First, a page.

FIG. 7 shows a shorter bottle supported by the insert.

SUMMARY OF THE INVENTION

An apparatus for modifying the temperature of bottle contents within a bottle comprises a housing, an inner surface of the housing defining an interior volume. The housing has a housing opening through which a fluid can be introduced to the interior volume, and through which a bottle can be passed so that the bottle is at least in part in contact with the fluid. In some embodiments of the present invention, an insert receives the bottle, the insert having a plurality of apertures through which the fluid may contact the bottle. The insert is located within the interior volume and is sized to receive the bottle, the bottle being passed through the housing opening and received by the insert. A sealing mechanism, such as a cap, prevents escape of the fluid from the interior volume, allowing the apparatus to be agitated. The fluid may be hot water, the apparatus being a baby bottle warmer. However, some embodiments of the present invention may also be used to warm any bottle, the term bottle being used to refer to any container. Some embodiments of the present invention may be used for bottle cooling, using for example an ice slurry as the fluid.

Hence, a method of changing the temperature of bottle contents comprises providing a housing having an interior volume and having a housing opening in which a fluid is located. The fluid has a different temperature to the bottle contents. The bottle is located at least in part within the interior volume, so as to be in contact with the fluid. An insert within the interior volume can be used to receive the bottle, the insert having a plurality of apertures through which the fluid contacts the bottle. At least part of the bottle, and possibly the entire bottle, is passed through the housing opening, the bottle being received by the insert so that the bottle is in contact with the fluid through the plurality of apertures in the insert. The interior volume is sealed so as to prevent escape of the fluid, for example using a cap, allowing the housing to be agitated. Agitation of the fluid and bottle contacts speeds the temperature change, due to enhanced heat transfer between the bottle contents and the fluid.

DETAILED DESCRIPTION OF THE INVENTION

An improved bottle warmer comprises a housing enclosing an interior volume, the housing having a housing opening through which the interior volume can be partially filled with a heating fluid. A bottle can be inserted into the interior volume through the housing opening, and the interior volume sealed to prevent escape of the heating fluid. Agitation of the bottle warmer circulates the fluid over the bottle surface, warming the contents of the bottle. The heating fluid can be hot water, or another other heating fluid may be used. Apparatus according to the present invention can also be used to cool the contents of a bottle.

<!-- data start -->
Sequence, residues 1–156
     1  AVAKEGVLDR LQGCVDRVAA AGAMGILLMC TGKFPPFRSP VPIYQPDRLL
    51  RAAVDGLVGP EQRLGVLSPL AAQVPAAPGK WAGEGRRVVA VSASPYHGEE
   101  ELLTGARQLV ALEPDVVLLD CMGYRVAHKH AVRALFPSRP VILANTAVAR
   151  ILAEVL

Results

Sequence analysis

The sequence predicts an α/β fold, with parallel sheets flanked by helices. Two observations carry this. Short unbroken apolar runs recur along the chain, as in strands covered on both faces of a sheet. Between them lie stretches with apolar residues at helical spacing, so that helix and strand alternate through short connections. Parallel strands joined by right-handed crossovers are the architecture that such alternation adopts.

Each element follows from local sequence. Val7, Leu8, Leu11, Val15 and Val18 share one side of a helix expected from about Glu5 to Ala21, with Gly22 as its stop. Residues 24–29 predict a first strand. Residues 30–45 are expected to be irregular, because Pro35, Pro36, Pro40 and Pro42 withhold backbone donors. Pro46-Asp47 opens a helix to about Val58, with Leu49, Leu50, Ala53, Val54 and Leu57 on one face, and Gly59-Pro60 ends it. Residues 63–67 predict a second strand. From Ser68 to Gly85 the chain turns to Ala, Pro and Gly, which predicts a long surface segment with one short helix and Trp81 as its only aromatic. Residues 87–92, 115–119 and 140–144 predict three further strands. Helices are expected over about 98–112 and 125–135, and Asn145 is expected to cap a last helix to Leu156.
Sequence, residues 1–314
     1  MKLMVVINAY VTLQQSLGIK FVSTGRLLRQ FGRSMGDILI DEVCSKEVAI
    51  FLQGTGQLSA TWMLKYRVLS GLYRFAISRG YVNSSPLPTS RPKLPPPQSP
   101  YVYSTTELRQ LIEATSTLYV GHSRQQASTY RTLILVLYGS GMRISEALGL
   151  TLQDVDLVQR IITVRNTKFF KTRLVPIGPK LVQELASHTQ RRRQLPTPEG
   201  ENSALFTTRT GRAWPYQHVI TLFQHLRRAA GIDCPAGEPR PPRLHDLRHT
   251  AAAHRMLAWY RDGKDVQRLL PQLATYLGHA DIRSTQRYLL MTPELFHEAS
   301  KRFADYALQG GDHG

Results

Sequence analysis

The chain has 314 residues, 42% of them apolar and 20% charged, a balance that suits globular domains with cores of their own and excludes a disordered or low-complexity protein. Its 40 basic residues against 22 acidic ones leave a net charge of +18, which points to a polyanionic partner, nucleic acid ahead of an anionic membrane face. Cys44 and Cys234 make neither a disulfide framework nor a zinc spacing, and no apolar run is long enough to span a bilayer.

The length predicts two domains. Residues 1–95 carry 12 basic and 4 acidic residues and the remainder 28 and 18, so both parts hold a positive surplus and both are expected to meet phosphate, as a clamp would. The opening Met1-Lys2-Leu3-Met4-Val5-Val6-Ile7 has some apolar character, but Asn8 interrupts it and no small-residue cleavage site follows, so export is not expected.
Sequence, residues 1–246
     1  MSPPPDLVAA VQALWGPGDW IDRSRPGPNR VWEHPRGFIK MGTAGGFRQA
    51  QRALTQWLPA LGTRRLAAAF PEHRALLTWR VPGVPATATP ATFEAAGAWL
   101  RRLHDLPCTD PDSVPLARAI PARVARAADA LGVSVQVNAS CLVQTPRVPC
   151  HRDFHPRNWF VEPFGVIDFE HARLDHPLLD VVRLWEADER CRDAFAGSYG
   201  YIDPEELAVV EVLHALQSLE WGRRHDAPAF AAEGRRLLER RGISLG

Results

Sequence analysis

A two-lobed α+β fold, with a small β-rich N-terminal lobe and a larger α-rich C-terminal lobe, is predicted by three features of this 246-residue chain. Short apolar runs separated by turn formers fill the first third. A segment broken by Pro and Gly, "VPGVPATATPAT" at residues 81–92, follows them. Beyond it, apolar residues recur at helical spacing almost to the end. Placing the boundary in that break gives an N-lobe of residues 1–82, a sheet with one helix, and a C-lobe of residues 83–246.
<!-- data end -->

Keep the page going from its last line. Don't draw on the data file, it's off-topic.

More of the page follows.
The housing may have a collar, protruding upwards from the main body of the housing, having an interior surface that defines the housing opening. The bottle warmer may further comprise a cap that attaches to the housing by any convenient method. For example, the cap may screw on to a threaded exterior surface of a collar of the housing.

In one example of use, a fluid is poured into the interior volume of the housing through a housing opening, and then the bottle is pushed through the housing opening so that at least part of the bottle surface contacts the fluid. A sealing mechanism then seals around a portion of the bottle to prevent the fluid from escaping. For example, a cap may be secured to the housing, the cap sealing the interior volume. The bottle may be entirely enclosed within the interior volume of the housing. The bottle may protrude from the interior volume, and the cap may be curved so as to enclose any part of the bottle protruding from the housing opening. For example a feeding nipple may protrude from the housing, and this may be covered by a domed cap. In some embodiments, a part of the bottle may protrude through a sealing mechanism, the fluid contacting a portion of the bottle surface.